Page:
Video Pick: The BAT (Buoyant Airborne Turbine) Floats 2,000 feet in the air and shows, for the wind
If anyone tries to tell you things aren't looking up for wind power just tell them about the BAT (Buoyant Airborne Turbine) from the Massachusetts Institute of Technologies startup, Altaeros Energies.
The first planned commercial demonstration of the BAT is in partnership with the Alaska Energy Authority. The Alaska project will deploy the BAT at a height of 1,000 feet above ground, a height that will break the world record for the highest wind turbine in the world.
In Alaska, the BAT will supply power and cell phone services to the city of Fairbanks, Alaska. The BAT can also provide internet connectivity and weather data to remote, off grid communities.
The BAT uses a helium-filled, inflatable shell to lift to high altitudes where winds are stronger and more consistent than those reached by traditional tower-mounted turbines. Because the BAT can access high altitude winds it will generate roughly double the power of land based turbines. High strength tethers hold the BAT steady and send electricity down to the ground.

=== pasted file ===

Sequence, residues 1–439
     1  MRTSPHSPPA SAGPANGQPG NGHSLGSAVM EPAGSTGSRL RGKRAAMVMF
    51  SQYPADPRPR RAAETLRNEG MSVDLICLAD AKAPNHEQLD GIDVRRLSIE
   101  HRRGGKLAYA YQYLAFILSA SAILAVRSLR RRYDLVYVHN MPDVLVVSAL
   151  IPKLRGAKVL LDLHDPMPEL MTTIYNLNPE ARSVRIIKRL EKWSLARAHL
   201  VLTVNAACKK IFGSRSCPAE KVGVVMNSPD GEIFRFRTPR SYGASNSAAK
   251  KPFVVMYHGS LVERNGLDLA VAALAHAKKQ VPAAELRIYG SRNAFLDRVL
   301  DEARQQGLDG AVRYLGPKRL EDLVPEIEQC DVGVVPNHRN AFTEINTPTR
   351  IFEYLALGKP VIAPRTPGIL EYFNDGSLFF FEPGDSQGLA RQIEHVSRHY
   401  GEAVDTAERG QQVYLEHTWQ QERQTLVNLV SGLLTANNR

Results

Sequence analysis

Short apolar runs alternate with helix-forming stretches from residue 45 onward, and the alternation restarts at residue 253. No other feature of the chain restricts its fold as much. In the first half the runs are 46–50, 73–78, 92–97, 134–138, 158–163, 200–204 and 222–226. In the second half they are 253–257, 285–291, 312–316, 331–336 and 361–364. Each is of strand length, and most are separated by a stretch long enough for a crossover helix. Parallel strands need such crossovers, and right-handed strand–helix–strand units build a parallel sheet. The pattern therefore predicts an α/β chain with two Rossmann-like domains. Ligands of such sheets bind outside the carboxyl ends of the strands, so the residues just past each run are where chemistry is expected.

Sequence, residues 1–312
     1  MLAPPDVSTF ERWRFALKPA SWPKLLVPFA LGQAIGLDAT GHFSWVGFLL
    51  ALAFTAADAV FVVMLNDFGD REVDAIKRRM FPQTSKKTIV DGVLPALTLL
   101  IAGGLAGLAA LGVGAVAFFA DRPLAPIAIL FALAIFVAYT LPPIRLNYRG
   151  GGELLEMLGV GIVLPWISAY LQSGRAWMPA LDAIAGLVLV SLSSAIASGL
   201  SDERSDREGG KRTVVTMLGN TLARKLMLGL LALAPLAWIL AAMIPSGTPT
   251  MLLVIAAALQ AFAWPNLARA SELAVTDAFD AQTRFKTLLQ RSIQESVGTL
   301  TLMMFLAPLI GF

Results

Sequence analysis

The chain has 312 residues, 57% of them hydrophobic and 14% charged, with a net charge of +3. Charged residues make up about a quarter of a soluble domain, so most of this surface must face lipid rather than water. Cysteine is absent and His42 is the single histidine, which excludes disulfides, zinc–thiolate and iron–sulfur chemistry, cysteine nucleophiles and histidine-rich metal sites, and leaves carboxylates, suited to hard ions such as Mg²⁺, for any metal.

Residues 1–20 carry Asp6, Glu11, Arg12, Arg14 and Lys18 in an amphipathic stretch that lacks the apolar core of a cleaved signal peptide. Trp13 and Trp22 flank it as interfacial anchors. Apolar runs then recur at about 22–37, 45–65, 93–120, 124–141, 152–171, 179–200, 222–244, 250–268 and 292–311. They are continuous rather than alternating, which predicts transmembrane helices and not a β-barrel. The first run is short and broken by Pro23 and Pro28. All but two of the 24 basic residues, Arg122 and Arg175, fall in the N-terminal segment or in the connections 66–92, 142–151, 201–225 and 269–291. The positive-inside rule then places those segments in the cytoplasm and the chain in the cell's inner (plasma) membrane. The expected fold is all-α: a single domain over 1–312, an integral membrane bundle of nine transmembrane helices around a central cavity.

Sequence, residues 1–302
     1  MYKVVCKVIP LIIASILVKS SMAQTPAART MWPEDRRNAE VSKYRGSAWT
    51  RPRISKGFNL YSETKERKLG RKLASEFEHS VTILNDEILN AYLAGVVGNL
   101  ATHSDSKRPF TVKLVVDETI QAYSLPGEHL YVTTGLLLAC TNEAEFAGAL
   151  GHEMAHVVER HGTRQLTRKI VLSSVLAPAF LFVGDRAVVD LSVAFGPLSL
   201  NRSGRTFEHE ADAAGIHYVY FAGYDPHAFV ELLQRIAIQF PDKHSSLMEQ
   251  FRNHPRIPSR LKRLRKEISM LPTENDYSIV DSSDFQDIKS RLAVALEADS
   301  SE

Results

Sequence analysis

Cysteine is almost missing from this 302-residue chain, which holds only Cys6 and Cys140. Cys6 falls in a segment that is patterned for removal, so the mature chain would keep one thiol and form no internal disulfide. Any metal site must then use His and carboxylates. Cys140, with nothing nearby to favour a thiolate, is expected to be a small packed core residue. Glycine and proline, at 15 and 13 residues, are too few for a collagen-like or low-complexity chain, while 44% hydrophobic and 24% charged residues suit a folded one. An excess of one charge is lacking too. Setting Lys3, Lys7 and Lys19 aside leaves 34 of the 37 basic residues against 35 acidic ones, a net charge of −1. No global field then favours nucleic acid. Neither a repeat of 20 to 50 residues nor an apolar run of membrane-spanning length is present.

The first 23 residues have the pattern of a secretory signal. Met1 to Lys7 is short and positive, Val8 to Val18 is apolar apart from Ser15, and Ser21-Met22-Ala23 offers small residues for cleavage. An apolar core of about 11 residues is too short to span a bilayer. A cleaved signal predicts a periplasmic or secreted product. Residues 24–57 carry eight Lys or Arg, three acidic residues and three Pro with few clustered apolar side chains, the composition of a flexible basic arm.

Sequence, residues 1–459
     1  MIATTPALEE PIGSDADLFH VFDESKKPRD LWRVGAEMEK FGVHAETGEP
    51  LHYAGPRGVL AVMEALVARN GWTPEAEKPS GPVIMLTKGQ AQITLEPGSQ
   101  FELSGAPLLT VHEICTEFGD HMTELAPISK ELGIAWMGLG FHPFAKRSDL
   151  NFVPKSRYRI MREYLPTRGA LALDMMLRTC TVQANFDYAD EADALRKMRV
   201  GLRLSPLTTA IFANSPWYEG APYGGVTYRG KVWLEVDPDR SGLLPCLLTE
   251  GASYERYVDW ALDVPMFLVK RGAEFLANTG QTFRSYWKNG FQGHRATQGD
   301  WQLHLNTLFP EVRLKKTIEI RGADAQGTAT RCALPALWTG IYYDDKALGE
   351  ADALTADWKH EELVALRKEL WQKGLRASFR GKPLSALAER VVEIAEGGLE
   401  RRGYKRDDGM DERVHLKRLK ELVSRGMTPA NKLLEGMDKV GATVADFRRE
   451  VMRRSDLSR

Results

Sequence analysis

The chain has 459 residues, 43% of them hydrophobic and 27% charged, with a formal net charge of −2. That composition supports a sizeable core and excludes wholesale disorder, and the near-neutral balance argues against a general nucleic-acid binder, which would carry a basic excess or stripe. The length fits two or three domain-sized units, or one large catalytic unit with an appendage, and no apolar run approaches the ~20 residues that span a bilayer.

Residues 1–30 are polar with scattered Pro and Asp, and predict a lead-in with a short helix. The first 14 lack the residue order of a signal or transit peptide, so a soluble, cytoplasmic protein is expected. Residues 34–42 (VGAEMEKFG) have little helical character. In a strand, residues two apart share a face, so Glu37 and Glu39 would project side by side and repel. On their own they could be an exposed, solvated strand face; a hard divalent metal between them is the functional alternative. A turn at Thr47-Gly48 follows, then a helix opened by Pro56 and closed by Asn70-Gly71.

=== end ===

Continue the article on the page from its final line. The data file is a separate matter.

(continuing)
The really awesome thing about the BAT is that Altaeros has designed the BAT to generate consistent, low cost energy for the remote power and microgrid market. This includes remote island communities without access to clean, affordable, power and power for use by disaster relief organizations.
In the not too distant future, 100% electric powered planes and flying cars will cruise past the BAT. The more adventurous will fly by the BAT on hydrogen fuel cell powered jet packs that have become as commonplace as electric bikes are becoming now.